Simone Gbagbo, wife of former Ivorian Head of State Laurent Gbagbo, has been on trial before Ivorian court for the past ten months for crimes against humanity after being sentenced to 20 years’ imprisonment in 2016 for undermining state security during the 2010-2011 post-election crisis in Côte d’Ivoire. Since February 2012, she has also been subject to an International Criminal Court (ICC) arrest warrant for four counts of crimes against humanity for acts allegedly committed during the post-election period. Côte d’Ivoire refused to transfer her because it considered that Ms. Gbagbo could be tried at the local level for the same charges. At the same time, her husband Laurent Gbagbo and their political party’s youth leader, Charles Blé Goudé, have … Continue Reading

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Acquittement de Simone Gbagbo par la Cour d’Assises d’Abidjan: Entre Independance de la Justice et Pirouette Politique our Sauver les Meubles

Simone Gbagbo, épouse de l’ancien chef d’Etat Ivoirien Laurent Gbagbo était poursuivie par la justice ivoirienne depuis dix mois pour des crimes contre l’humanité, après sa condamnation à 20 ans d’emprisonnement en 2016 pour des faits d’atteinte à la sûreté de l’Etat durant la crise post-électorale de 2010-2011 en Côte d’Ivoire. Depuis février 2012, elle fait l’objet d’un mandat d’arrêt de la Cour pénale internationale (CPI) pour quatre chefs de crimes contre l’humanité pour des faits qui auraient été commis lors de la période post-électorale. La Côte d’Ivoire a refusé de la transférer car elle considérait que Mme Gbagbo pouvait être jugée au niveau local pour les mêmes faits. Dans le même temps, son époux Laurent Gbagbo et le leader … Continue Reading

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Human Rights Trials in Guatemala: “Two Steps Forward, One Step Back”

Since the Efrain Rios Montt trial took place in 2013, there has been a steady stream of investigations and prosecutions for grave crimes committed during Guatemala’s civil war. Despite tremendous opposition from former military officials and their supporters, prosecutors and judges continue to take on these challenging cases in an effort to fight impunity in the country, which until recently has been the norm.

In a podcast produced by the Washington Office in Latin America (WOLA), George Mason University professor Jo-Marie Burt discusses the history of grave crimes cases in Guatemala, including the cases against Rios Montt, and the role that the International Commission against Impunity in Guatemala (CICIG) has had in strengthening the justice system charged with prosecuting these cases. Ongoing … Continue Reading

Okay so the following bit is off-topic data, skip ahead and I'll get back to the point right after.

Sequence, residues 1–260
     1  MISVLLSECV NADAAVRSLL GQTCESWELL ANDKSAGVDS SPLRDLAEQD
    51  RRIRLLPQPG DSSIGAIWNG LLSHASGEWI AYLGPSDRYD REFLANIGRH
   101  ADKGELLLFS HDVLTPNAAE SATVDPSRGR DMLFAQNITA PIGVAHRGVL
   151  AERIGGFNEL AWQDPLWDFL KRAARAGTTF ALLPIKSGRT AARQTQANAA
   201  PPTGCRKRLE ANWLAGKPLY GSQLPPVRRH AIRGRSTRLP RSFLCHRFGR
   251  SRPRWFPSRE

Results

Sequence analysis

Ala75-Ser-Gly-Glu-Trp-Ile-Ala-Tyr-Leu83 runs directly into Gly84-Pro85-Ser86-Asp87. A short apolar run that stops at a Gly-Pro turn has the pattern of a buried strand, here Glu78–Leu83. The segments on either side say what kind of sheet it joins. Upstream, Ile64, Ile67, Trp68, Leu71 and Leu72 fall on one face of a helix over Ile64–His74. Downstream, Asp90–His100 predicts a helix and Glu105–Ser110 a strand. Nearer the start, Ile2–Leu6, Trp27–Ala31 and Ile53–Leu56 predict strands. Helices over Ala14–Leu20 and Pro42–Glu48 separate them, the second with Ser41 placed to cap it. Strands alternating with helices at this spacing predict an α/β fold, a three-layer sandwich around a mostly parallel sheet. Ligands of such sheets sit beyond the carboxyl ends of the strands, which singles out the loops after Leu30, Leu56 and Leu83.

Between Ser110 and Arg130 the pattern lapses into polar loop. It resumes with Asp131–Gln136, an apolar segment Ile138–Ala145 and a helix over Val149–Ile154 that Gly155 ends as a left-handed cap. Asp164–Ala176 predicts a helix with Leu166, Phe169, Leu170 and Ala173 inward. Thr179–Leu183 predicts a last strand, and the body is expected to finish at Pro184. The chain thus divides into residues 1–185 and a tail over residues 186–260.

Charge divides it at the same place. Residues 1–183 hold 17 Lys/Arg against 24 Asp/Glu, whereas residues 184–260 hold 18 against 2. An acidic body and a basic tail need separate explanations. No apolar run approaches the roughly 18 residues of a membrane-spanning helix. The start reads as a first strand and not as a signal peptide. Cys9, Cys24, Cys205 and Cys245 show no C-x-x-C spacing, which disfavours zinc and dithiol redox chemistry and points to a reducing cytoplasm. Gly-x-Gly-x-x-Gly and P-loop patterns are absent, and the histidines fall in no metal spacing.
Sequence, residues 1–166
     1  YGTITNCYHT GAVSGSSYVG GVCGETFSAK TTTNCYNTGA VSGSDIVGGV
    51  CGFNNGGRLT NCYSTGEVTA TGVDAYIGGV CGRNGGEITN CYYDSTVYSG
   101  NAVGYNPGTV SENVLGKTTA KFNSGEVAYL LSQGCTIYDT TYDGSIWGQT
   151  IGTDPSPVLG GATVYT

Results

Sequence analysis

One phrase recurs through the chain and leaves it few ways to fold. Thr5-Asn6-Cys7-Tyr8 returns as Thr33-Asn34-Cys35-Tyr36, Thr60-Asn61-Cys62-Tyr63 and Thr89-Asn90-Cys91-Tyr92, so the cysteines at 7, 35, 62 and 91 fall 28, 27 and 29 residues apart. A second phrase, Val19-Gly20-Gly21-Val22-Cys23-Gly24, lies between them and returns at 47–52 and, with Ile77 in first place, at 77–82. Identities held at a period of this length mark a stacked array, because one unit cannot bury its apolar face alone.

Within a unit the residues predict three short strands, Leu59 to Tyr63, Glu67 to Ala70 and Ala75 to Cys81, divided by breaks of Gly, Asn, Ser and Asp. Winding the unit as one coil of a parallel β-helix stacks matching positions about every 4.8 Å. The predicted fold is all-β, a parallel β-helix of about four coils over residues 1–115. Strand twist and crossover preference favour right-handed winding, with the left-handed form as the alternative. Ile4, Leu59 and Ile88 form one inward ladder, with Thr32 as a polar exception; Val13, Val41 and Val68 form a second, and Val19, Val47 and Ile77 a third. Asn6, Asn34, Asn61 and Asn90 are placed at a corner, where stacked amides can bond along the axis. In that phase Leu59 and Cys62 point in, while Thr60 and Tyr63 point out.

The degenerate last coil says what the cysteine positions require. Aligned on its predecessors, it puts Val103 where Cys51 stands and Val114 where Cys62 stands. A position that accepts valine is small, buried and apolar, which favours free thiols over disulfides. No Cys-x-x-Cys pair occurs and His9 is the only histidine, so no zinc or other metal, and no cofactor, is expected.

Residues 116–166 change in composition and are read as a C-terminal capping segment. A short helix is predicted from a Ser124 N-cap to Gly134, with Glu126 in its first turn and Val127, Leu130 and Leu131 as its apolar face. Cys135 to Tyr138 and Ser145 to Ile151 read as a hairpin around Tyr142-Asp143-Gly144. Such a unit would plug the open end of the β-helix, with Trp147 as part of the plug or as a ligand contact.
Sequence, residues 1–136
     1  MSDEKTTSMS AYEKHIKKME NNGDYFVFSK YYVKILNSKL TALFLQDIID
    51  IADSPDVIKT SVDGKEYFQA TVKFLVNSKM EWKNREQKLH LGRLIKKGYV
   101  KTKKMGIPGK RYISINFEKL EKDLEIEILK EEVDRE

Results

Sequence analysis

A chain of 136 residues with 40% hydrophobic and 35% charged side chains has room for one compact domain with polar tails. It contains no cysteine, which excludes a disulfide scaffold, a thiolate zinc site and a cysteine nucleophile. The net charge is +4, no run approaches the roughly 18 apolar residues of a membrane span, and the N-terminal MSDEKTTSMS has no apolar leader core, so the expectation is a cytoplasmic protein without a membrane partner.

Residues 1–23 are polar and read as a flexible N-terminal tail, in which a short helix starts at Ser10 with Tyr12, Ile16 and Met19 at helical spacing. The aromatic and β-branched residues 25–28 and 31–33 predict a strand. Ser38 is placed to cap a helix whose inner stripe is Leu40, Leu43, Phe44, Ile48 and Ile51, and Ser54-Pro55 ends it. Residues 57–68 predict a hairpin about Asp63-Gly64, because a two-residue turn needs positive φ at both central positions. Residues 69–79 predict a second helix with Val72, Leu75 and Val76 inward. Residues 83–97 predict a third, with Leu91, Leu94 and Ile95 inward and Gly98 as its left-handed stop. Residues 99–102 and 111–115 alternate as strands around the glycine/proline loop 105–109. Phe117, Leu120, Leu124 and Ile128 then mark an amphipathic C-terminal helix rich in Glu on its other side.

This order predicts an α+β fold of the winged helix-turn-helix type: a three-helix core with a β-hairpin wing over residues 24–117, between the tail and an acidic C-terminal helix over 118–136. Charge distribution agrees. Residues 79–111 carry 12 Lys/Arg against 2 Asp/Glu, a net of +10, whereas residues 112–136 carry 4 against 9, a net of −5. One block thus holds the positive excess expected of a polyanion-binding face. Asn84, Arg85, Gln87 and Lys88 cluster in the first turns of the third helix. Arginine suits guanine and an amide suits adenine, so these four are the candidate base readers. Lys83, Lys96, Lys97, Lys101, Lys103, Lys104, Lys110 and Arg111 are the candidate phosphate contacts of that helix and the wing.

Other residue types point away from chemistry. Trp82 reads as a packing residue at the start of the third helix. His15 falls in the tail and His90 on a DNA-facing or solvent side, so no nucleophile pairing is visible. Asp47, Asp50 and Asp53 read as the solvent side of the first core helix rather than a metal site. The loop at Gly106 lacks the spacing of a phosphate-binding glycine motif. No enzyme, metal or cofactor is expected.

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Just or Unjust? Mixed Reactions on Whether Ongwen Should be on Trial

As the trial of former Lord’s Resistance Army (LRA) commander Dominic Ongwen continues before the International Criminal Court (ICC), people in northern Uganda are still divided on whether or not his trial is justified. In response to the question of whether they felt Ongwen’s trial was fair or not, Civil Society Organization (CSO) representatives responded in different ways, citing different reasons for their answers.

Ongwen is charged with 70 counts of war crimes and crimes against humanity allegedly committed in attacks on camps for people displaced by the conflict in northern Uganda. The attacks took place between 2003 and 2004 in the camps of Pajule, Odek, Abok, and Lukodi. Ongwen has also been charged with sexual and gender-based crimes, including the … Continue Reading

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Can International Justice Survive in an Age of Renewed Nationalist Fervor?

In an opinion piece published on April 10, 2017, by World Politics Review, James A. Goldston, executive director of the Open Society Justice Initiative, argues that the international justice has become irrevocably embedded in global politics.  He writes:

“International justice has taken a reputational nosedive since the late 1990s, when the creation of the International Criminal Court signaled a new age of global accountability. Some of this has involved predictable pushback from political leaders who would rather not be called to account. But other complaints resonate more widely.

Some say that the ICC’s focus on Africa and its inability to address atrocities from North Korea to Syria reflect the double standards of global power, not the impartiality of law. The worldwide resurgence … Continue Reading